When the Environmental Protection Agency first alleged that Volkswagen had found a way to bypass emissions requirements for their TDI diesel cars, I was happy to look the other way- just as I and millions of other Volkswagen owners have happily overlooked the auto manufacturer’s Nazi roots. Now though, with the company’s admission that they purposefully installed emission test cheating software in 11 million cars worldwide, I’m reeling. Floored. I can’t believe that the car company founded by Nazis cheated on emissions.
Did they really think they’d get away with it? Surely, someone on the chain of command must have felt a pang of guilt as installation of the “defeat device” was given the green light, allowing TDI cars to detect when they’re being tested and then emit far fewer pollutants than in normal operation. If the car company with a well-documented Nazi past can’t be trusted, I’m left wondering if anyone can be trusted in this callous world where apparently, anything goes in the name of making a few bucks. Shame on the car company founded by Nazis.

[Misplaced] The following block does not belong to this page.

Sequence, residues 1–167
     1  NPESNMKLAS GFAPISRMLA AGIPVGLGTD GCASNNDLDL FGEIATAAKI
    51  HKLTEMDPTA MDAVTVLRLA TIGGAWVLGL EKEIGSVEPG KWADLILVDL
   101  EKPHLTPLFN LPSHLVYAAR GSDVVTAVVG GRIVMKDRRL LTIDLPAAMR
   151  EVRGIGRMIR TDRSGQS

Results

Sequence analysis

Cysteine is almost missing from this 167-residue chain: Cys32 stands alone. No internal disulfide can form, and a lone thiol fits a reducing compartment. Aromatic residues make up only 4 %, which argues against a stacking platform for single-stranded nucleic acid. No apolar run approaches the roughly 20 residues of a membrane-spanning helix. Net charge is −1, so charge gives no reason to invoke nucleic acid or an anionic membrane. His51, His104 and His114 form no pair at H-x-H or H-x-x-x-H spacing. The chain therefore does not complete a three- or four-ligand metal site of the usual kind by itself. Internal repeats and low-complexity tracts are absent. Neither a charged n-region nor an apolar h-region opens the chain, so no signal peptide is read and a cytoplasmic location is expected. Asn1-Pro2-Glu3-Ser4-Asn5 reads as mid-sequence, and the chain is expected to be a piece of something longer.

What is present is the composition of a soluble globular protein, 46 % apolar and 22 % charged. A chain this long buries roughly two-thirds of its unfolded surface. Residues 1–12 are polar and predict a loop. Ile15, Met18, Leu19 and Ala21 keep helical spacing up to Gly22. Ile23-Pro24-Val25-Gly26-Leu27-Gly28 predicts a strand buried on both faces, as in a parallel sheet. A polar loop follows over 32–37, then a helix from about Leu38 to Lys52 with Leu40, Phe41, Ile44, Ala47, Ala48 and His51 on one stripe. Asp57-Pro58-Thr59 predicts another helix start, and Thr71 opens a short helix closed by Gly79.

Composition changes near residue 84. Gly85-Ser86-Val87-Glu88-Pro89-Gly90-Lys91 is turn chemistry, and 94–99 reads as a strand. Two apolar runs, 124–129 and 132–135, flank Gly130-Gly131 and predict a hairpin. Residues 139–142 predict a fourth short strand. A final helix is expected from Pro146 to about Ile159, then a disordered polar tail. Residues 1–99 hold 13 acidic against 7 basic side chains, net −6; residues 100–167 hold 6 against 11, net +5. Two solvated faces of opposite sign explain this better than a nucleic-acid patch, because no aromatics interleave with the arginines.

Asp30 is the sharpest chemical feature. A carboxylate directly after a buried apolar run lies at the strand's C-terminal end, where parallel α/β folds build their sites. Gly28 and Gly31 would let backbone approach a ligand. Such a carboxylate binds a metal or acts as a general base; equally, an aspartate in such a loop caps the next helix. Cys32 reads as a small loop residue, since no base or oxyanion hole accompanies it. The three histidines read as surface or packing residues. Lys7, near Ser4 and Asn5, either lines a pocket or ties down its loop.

So now begins the familiar parade of corporate shaming, the muttered mea culpas, the claims from executives that they were just following orders. Already CEO Martin Winterkorn has fallen on his sword, being replaced by Matthias Mueller. The manufacturer faces billions of dollars in in fines, and even possible criminal prosecution. Industry analysts agree that there is no price that can possibly be put on the damage done to the image of the car company founded by Nazis.
The question remains though, whether auto-lovers the world over will ever forgive Volkswagen for such an unconscionable violation of ethics. Only time will tell.